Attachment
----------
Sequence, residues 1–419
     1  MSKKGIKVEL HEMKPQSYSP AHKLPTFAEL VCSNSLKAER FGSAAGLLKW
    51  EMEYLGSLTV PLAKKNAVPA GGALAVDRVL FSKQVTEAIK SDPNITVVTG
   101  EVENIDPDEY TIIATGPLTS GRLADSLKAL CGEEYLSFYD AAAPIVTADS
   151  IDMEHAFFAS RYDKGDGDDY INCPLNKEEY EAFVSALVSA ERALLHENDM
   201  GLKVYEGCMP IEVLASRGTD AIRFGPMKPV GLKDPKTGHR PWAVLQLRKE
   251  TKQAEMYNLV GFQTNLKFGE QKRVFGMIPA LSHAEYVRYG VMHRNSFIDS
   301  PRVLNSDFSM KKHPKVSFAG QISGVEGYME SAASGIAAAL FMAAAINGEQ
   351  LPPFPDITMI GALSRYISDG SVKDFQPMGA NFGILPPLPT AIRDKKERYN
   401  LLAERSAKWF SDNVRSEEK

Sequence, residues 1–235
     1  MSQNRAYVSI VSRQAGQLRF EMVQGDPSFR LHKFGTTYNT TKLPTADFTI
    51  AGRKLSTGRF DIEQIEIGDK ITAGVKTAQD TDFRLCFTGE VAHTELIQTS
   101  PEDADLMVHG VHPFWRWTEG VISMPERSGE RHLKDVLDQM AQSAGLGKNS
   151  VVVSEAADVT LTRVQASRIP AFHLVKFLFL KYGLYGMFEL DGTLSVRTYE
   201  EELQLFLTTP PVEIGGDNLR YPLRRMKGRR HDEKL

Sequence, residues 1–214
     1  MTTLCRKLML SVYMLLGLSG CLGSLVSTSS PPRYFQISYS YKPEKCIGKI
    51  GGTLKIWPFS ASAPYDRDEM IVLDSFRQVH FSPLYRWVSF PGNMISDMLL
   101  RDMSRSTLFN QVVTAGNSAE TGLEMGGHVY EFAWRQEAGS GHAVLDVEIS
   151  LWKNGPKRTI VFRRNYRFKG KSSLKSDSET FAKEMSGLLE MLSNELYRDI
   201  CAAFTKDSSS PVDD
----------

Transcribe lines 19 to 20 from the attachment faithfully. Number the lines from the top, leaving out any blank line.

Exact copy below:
    51  GGTLKIWPFS ASAPYDRDEM IVLDSFRQVH FSPLYRWVSF PGNMISDMLL
   101  RDMSRSTLFN QVVTAGNSAE TGLEMGGHVY EFAWRQEAGS GHAVLDVEIS